There is a right way and a grossly unprofessional way to introduce yourself to a speakers bureau. Be sure you know the rules before you call.

Before you embarrass yourself, be sure to read my article, “Bozo or Pro? Ten Ways Speakers Bureaus Know.”
That will give you great insight into what NOT to say. So, in contrast, what does a professional say when he or she firsts contacts a bureau about possible representation? And when I say “contacts,” I mean “calls on the telephone.” In my experience, emails get approximately ZERO response—bureau reps are just too busy to bother. So my advice is to call any bureau that you think might consider adding you to their roster. Most of them answer the phone because a potential customer might be calling. You won’t disappoint them if you present yourself professionally, so you must be prepared.
Ergo, here are a few lines that immediately put the bureau rep at ease because they know they're talking to a pro:

"Hello, my name is _______, I speak on Leadership, my current fee is $6,000 commissionable, plus expenses, and I was calling to see if you’re accepting speaker submissions."
When they book an engagement for you, they'll take their commission—standard is 25%--from your fee. When you tell a bureau that your fee is, e.g., $5,000, they'll often ask, "Is that net or gross?" If you don't know the difference, you're a Bozo. Net is what you take home in your pocket. Gross is your fee before the bureau's commission is deducted. They might ask it another way, i.e., "Is that commissionable?" If you say yes, it means they take their 25% from the $5,000. If you say no, it means they have to charge the client $6,670 to make 25% of the fee, or $1,670.
“Plus expenses” means that on top of your fee, you require the client to pay for your airfare, accommodations, meals, and transportation to and from the airport at the venue. “My fee is $5,000 inclusive” usually means that you’ll pay for your own travel and the client will only be responsible for paying for your lodging. For my quick video on How to Book More Engagements, go here https://www.youtube.com/watch?v=JDM4Ljg2ohs

If you open with the line above, I’ve found that a common response is something like, “We’re always looking for new talent,” and then a question, like “How long have you been speaking?” If they ask you a question, that means they’re open to hearing your pitch, and you’d better have it honed to a fine edge. Answer whatever they ask you, of course, but here are some answers you’d better have ready:

1. “The title of my primary keynote is "_______," and I can do breakout sessions on "_____" and "_____." (FYI, conferences usually have General Sessions that everyone attends to hear keynote speeches, in addition to “Breakout Sessions” where attendees can choose to focus on one of several presentations going on simultaneously, e.g. “Latest Changes in Compliance Regulations,” or “How to Crack Foreign Markets.” Many speakers offer only keynotes, and being able to lead breakout sessions isn’t a requirement).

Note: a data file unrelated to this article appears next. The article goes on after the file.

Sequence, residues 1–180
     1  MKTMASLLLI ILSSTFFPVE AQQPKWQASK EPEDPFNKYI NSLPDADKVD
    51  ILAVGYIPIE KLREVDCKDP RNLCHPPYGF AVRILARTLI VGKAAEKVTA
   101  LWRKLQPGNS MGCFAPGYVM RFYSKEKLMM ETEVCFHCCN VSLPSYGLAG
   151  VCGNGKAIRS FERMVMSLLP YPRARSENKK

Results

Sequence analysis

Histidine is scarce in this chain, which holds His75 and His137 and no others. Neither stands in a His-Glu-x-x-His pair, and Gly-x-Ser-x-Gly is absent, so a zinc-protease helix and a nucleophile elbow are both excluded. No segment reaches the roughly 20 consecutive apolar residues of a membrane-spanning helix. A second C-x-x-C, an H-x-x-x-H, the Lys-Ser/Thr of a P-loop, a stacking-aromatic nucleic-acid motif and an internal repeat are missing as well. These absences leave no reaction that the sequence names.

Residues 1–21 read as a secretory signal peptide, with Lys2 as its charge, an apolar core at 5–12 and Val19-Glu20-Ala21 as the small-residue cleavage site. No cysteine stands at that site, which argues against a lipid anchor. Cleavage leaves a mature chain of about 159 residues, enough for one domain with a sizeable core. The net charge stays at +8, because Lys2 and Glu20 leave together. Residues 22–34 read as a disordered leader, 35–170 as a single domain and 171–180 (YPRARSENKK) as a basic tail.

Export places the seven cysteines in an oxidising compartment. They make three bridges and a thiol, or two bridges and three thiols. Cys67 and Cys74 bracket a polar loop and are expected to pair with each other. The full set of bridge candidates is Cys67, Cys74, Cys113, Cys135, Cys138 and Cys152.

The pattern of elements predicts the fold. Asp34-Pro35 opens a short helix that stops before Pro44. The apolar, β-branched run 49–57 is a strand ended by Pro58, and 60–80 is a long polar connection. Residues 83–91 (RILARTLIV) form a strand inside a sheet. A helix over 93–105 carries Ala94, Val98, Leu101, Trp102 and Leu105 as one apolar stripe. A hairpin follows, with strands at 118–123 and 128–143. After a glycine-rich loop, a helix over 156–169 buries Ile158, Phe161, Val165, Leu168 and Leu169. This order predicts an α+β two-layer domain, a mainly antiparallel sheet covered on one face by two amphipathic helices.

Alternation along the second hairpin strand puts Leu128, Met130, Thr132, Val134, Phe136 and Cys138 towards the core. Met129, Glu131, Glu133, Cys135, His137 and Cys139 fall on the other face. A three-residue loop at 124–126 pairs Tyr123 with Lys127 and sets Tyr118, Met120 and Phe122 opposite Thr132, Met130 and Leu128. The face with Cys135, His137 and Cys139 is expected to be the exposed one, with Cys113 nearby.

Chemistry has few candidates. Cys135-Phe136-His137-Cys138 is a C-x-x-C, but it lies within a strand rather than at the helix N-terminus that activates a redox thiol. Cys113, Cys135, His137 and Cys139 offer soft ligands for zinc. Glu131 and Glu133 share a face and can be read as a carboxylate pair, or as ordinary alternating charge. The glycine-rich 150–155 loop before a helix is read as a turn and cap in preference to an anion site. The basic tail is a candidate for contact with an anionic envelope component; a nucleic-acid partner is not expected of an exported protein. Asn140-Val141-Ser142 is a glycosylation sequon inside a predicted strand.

2. "I can send you my latest promo pack, all bureau friendly, of course, that includes technical requirements, DVD and one-sheet. I can send it either electronically or by mail, whichever you prefer. I can also include a list of bureaus who now list me if you like."

3. "The pack includes a sheet of bullet points your staff can use to sell me, as well as good responses to the most common objections your sales team will encounter."

4. If they say they’re open to reviewing your materials, don’t fall all over yourself thanking them or they’ll think you’re a beginner. Keep it professional and cool: "That’s terrific. I’ll get that off to you today. Thanks so much for considering me, and I hope to hear from you soon."

One other little tip might come under the heading of “Duh,” but people can get rattled the first time they speak to bureau owners and reps, so I’ll mention it: these folks are just that—good folks, who have families and take vacations and cook dinner at night, just like you. So if the person gives you an opening for personal chat, any common ground you can find helps break the ice, e.g., “I was in (your city) recently and had dinner at a place called The Harbor House and just loved it. Are you familiar with it?”
I recommend that you keep it strictly business until the person gives you a safe entrée to get chatty. One I get pretty often is, “I think I hear a Southern accent. Where are you from?” That’s a pretty clear indication that it’s okay to divert from business and just have some personal interaction.
Sometimes a bureau will have a page highlighting “Our Team of Professionals” where you can often glean some interesting personal information, e.g., somebody competes in equestrian events, or raises a breed of dog, or “Kathy loves to travel, and last year had a wonderful adventure in India.” Most of them will be flattered if you go to the trouble to learn something about them and ask about their particular interest.

If you have all of the above in your back pocket when you make the call, you'll probably get a warm invitation to send your materials right over.

Find all the info you need to go pro in my eBook, “The Fast Track to Professional Speaking” http://fasttrackspeaking.com.

Author's Bio: 

Mack Dryden is a comedian, motivational humorist and speaking/humor coach who has appeared on dozens of TV shows, including The Tonight Show with both Johnny and Jay. He speaks to thousands at corporate and association events annually, and can be seen in action at www.mackdryden.com.